U.S. ‘Condolences’ for Raisi Reflect a Delicate Diplomatic Ritual

U.S. ‘Condolences’ for Raisi Reflect a Delicate Diplomatic Ritual

In the eyes of the Biden administration, Ebrahim Raisi was a brutal tyrant, a sworn enemy and a threat to world peace.

But within hours of confirmation that Mr. Raisi, who had served for three years as Iran’s president, was killed in a weekend helicopter crash, the U.S. State Department announced its “official condolences” for his sudden death.

A terse statement, issued on Monday under the name of a State Department spokesman, Matthew Miller, betrayed no grief for the Iranian leader, who frequently railed at the United States and is believed to have at least condoned attacks on American troops by Iranian-backed proxy forces in Iraq and Syria.

The statement drew swift outrage from vocal critics of Iran’s government, who argued variously that the United States should say nothing at all or harshly condemn Mr. Raisi, something Mr. Miller proceeded to do later, when questioned by reporters at a daily briefing.

It underscored the tightrope the U.S. government must walk after a reviled foreign leader dies, as it balances the need for empathy for populations who may be in mourning against the need to speak the truth and clearly articulate American principles. It is a quandary that U.S. officials have faced repeatedly over the years after the death of hostile dictators in places like the Soviet Union, North Korea and Venezuela, and have handled in varying, and sometimes contorted, ways.

In the case of Mr. Raisi, Mr. Miller’s conspicuously wooden statement simply acknowledged the president’s demise — along with that of Iran’s foreign minister, Hossein Amir Abdollahian, and others on the helicopter — before striking a political note that Iran’s political establishment would find anything but consoling.

“As Iran selects a new president, we reaffirm our support for the Iranian people and their struggle for human rights and fundamental freedoms,” Mr. Miller’s statement said.

It was hardly the Hallmark card one might send to a grieving friend or co-worker. But it still angered Iran hawks, who are quick to see Mr. Biden as too conciliatory toward Iran.

“Offering condolences for the death of this monster is a disgrace,” Senator Tom Cotton of Arkansas, a Republican, wrote on the social media site X.

It should be noted that, when questioned at the briefing, Mr. Miller was scathing: “We have been quite clear that Ebrahim Raisi was a brutal participant in the repression of the Iranian people for nearly four decades,” he said. “Some of the worst human rights abuses occurred during his tenure as president — especially the human rights abuses against the women and girls of Iran.”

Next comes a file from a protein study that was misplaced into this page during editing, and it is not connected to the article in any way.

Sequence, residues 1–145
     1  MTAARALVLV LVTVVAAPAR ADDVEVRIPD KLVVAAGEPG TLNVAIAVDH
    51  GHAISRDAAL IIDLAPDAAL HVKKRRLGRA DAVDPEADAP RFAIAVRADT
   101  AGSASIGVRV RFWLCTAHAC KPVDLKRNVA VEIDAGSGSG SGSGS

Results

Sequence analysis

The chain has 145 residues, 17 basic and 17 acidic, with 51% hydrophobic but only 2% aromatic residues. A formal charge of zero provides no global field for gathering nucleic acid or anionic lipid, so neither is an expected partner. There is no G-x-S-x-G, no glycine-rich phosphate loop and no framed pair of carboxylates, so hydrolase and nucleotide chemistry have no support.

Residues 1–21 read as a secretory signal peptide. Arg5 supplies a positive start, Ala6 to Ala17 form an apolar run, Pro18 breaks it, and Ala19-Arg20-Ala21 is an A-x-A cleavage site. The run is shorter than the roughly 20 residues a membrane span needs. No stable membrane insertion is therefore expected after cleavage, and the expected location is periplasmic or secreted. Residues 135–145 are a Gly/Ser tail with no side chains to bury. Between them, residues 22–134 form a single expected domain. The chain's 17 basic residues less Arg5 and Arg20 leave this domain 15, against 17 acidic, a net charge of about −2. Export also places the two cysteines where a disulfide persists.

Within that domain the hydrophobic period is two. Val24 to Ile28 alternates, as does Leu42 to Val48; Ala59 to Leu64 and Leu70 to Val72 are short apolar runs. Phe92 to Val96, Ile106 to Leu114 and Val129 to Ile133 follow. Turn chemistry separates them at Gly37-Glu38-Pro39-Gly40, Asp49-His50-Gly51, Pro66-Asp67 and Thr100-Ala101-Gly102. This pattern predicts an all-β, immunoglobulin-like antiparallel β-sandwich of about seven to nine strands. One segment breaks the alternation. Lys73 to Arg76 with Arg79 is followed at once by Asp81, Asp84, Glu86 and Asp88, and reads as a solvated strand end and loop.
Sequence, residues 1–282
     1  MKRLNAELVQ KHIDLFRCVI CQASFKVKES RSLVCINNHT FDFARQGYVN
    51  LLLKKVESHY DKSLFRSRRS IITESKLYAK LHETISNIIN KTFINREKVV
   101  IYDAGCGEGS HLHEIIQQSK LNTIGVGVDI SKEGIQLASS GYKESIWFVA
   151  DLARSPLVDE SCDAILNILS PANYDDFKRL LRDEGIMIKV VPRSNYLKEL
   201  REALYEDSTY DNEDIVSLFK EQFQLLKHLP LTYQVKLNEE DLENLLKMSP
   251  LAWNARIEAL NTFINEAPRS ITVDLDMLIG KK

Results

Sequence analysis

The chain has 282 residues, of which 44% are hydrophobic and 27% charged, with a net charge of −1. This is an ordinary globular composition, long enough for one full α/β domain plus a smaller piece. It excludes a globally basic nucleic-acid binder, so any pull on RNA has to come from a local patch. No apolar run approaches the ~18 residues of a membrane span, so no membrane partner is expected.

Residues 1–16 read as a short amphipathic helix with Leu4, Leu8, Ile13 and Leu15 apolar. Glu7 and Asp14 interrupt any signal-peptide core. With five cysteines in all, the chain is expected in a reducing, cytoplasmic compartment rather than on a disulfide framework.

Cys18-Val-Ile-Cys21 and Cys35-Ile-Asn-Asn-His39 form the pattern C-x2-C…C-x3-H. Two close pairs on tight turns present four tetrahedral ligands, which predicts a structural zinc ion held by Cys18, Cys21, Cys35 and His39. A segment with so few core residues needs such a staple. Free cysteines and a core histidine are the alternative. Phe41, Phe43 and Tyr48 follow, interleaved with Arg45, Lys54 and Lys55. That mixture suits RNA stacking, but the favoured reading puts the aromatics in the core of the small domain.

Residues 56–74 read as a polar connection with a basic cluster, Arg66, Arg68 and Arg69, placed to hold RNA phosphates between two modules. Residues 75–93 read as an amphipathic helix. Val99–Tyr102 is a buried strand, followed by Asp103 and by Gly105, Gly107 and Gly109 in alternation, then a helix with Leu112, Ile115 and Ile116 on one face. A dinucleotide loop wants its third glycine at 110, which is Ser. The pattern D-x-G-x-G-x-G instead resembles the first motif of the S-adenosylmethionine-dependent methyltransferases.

Whatever its merits, the statement had a clear precedent: After the March 2013 death from cancer of Venezuela’s president, Hugo Chavez, President Barack Obama released a statement aimed at the country’s people that expressed no actual remorse for the anti-American strongman.

“At this challenging time of President Hugo Chavez’s passing, the United States reaffirms its support for the Venezuelan people and its interest in developing a constructive relationship with the Venezuelan government,” Mr. Obama said. “As Venezuela begins a new chapter in its history, the United States remains committed to policies that promote democratic principles, the rule of law, and respect for human rights.”

Mr. Obama was more descriptive, however, when former Cuban dictator Fidel Castro died from natural causes in November 2016. Mr. Obama, who had recently restored diplomatic relations between Washington and Havana after many decades, opened his statement by saying that he extended “a hand of friendship to the Cuban people.”

But when it came to the substantive record of Mr. Castro, a repressive strongman and longtime Soviet ally who had helped lead the world to the brink of nuclear war, Mr. Obama — likely mindful of his fragile new diplomatic opening — carefully avoided judgment.

“History will record and judge the enormous impact of this singular figure on the people and world around him,” his statement said. (Republican Senator Marco Rubio of Florida, a fierce critic of the Castro regime, declared the statement “pathetic.”)

Those leaders, at least, merited presidential statements, unlike Mr. Raisi, whose passing was outsourced to the State Department and its spokesman, Mr. Miller.

Some leaders are so reviled, and relations with their countries so poisoned, that no statement can do the job. Rather than issue a direct statement after the death of the North Korean dictator, Kim Jong-il, in December 2011, the White House simply announced that Mr. Obama held a midnight phone call with his South Korean counterpart “to discuss the situation on the Korean Peninsula following the death of Kim Jong-il.”

More often there is complicated nuance, even in the cases of infamous tyrants. Upon the March 1953 death following a stroke of the Soviet leader, Joseph Stalin, it was left to President Dwight D. Eisenhower to issue a response.

As an Army general, Eisenhower had led Allied forces in Europe in common cause with Stalin’s Soviet army against Nazi Germany. But by 1953, Stalin was a bitter American enemy. In a statement after Stalin’s stroke, Eisenhower offered no assessment of the man himself, saying that “the thoughts of America go out to all the peoples of the U.S.S.R. — the men and women, the boys and girls — in the villages, cities, farms and factories of their homeland.”

“They are the children of the same God who is the Father of all peoples everywhere. And like all peoples, Russia’s millions share our longing for a friendly and peaceful world,” Eisenhower said.

This was true, he added, “regardless of the identity of government personalities.”

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